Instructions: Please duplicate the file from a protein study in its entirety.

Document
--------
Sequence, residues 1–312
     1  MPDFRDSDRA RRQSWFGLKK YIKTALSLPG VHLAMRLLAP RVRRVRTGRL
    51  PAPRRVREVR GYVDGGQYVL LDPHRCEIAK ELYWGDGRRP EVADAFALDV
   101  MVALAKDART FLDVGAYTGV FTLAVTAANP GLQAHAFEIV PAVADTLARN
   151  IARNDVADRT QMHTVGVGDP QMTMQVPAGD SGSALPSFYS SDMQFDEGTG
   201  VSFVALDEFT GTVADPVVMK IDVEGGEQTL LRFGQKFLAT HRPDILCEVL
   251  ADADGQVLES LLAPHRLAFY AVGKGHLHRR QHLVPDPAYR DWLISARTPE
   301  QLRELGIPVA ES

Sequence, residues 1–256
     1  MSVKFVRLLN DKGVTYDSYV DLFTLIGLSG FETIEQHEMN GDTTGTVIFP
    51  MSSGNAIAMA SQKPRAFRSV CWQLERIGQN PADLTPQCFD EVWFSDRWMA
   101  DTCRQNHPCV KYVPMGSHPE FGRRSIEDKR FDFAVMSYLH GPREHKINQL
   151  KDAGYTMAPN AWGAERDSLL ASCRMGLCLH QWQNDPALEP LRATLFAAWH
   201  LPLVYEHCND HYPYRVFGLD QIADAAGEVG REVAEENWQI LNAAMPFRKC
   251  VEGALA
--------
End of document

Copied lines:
Sequence, residues 1–312
     1  MPDFRDSDRA RRQSWFGLKK YIKTALSLPG VHLAMRLLAP RVRRVRTGRL
    51  PAPRRVREVR GYVDGGQYVL LDPHRCEIAK ELYWGDGRRP EVADAFALDV
   101  MVALAKDART FLDVGAYTGV FTLAVTAANP GLQAHAFEIV PAVADTLARN
   151  IARNDVADRT QMHTVGVGDP QMTMQVPAGD SGSALPSFYS SDMQFDEGTG
   201  VSFVALDEFT GTVADPVVMK IDVEGGEQTL LRFGQKFLAT HRPDILCEVL
   251  ADADGQVLES LLAPHRLAFY AVGKGHLHRR QHLVPDPAYR DWLISARTPE
   301  QLRELGIPVA ES

Sequence, residues 1–256
     1  MSVKFVRLLN DKGVTYDSYV DLFTLIGLSG FETIEQHEMN GDTTGTVIFP
    51  MSSGNAIAMA SQKPRAFRSV CWQLERIGQN PADLTPQCFD EVWFSDRWMA
   101  DTCRQNHPCV KYVPMGSHPE FGRRSIEDKR FDFAVMSYLH GPREHKINQL
   151  KDAGYTMAPN AWGAERDSLL ASCRMGLCLH QWQNDPALEP LRATLFAAWH
   201  LPLVYEHCND HYPYRVFGLD QIADAAGEVG REVAEENWQI LNAAMPFRKC
   251  VEGALA